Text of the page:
As for EyeFi, it's not a great piece of equipment and I don't think you can extrapolate what it does to others.
MAGMATCICO62: Greatly overpriced. The Pentax 645D is much much cheaper with the same CMOS sensor
Until very recently, one of the D800's other advantages over MF was much better moderate and high ISO.
Mirrorless isn't shutterless yet....but soon. Once global shutter trickles down from the video market, there will be no use for leaf shutters.
Like I said, if I already had a back on a technical camera - where these backs really shine - and was looking for a handhold platform for that back, this would certainly be a step in the right direction. But investing in leaf shutter lenses and a $41k+ rig... yeesh. I don't know. It's hard to make the numbers work.
And also, due to the cost of MF rigs, they were often rented. Few photographers like to rent cameras. Lights, grip, sure. But the camera is complicated and if it goes wrong, you are SOL. Rented gear always has a little concern in that way - how has it been treated? And then also I think photographers have a connection with their cameras and lenses. When you rent them for a job, you don't get to handle it enough to really connect with it. It's not ideal.
If a client insists, I will rent a MF rig. Otherwise, I'm sticking with my D800 until something else comes along. I know it, its quirks, features and am used to its handling. It's a piece of familiarity which is very useful on a production where there are many moving parts.
Hello RAW, yes indeed, I have done all that (not Vogue, but other Conde Nast publications)
DSLR's are popular in this realm, although not exclusively so, because they are light and quick. Leaf shutters have many benefits - but mirrorless also effectively works like a leaf shutter with it's high sync speed. I think this will further erode the market for MF once someone comes out with a fast and robust model.
I know a guy who shot big brand beauty ads a few years back...he was using a Canon. Utterly common on big productions.
Most clients do not care what is used. It's up to the photographer's preference. Some like the MF experience. The D800 was a big winner because it makes excellent images in a small, fast platform. I know so many people who sold their MF kits for a D800 and some lenses.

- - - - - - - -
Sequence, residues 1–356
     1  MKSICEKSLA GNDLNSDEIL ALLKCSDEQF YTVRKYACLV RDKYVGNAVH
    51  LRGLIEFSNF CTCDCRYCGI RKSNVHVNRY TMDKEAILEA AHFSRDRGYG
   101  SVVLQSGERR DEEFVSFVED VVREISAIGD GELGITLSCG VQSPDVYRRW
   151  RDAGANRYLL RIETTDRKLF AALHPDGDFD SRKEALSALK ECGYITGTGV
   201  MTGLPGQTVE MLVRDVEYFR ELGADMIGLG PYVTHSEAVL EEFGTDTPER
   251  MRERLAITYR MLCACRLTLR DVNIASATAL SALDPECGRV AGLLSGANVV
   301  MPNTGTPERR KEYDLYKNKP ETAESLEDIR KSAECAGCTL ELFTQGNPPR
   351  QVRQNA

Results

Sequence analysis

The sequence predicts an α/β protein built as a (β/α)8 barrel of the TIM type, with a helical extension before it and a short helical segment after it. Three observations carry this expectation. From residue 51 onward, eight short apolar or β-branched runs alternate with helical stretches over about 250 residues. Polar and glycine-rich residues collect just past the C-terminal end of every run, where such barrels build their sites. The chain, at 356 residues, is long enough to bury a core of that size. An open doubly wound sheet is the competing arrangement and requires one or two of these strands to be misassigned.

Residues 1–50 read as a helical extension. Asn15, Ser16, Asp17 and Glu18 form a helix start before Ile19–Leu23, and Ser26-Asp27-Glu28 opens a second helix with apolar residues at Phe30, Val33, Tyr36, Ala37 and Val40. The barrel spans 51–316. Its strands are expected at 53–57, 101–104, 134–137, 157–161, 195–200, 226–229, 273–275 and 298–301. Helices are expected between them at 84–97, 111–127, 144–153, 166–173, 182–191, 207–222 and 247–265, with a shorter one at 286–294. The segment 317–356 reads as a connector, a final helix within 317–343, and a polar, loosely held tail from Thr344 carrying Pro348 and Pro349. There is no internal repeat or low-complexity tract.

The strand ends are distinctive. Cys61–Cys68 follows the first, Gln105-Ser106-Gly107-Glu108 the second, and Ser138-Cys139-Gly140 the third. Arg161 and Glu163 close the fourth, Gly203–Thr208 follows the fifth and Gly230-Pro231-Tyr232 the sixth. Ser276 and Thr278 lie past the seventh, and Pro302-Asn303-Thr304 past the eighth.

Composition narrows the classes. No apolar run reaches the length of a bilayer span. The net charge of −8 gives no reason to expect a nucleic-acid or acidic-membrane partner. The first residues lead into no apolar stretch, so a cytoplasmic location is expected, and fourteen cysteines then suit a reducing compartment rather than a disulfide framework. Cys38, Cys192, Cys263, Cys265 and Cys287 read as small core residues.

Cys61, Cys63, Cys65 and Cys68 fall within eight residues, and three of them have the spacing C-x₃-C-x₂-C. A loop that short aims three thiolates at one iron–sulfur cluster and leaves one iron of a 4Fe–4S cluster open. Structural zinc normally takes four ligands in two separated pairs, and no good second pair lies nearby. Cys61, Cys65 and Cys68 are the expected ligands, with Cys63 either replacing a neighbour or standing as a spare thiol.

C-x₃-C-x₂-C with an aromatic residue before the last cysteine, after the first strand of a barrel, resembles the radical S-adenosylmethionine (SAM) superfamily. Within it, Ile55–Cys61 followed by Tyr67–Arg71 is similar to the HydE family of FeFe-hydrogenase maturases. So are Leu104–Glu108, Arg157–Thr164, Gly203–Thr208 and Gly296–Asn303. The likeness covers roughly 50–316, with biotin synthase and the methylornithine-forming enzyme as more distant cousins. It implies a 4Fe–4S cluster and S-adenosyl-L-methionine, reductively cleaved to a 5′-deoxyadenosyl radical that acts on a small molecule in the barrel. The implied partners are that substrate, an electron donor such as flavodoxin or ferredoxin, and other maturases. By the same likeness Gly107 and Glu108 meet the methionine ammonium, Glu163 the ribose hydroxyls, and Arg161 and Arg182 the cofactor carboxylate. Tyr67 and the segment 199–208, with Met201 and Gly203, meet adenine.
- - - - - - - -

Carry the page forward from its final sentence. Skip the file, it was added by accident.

I shoot ads and occasional national editorial work. These days I see more DSLR's than MF in the business. The tipping point was the D800. For $3k you could get one and some excellent lenses for half the cost of just a back. At first, the limiting factor here was that the most commonly used Nikon and Canon lenses are built for a price point that requires some compromises ($2k is not that much), but now there are other options.
I have used MF for studio work in the past and it's great, especially on tech cameras. I think the future is in mirrorless though. There's little reason to buy this camera unless you've already got the back for your technical camera and want a handholdable platform.
marcio_napoli: DMF is a difficult animal to tame, but when you do, you're rewarded with results that always make you go "wow!!".
I admit I've never shot with a D810 (probably it's much closer to the DMF experience), but when I had my D800, whenever I opened some files, it would always go like this "oh, ok... nice...".
Today I'm shooting with a borrowed P45+. It's not "ok... nice" experience. It's simply a jaw dropping experience every single time I open a file.
Wow factor is off the charts.
I wish every 35mm shooter could experience this, so maybe we would get less of this "overpriced stuff" talk from users that never shot DMF.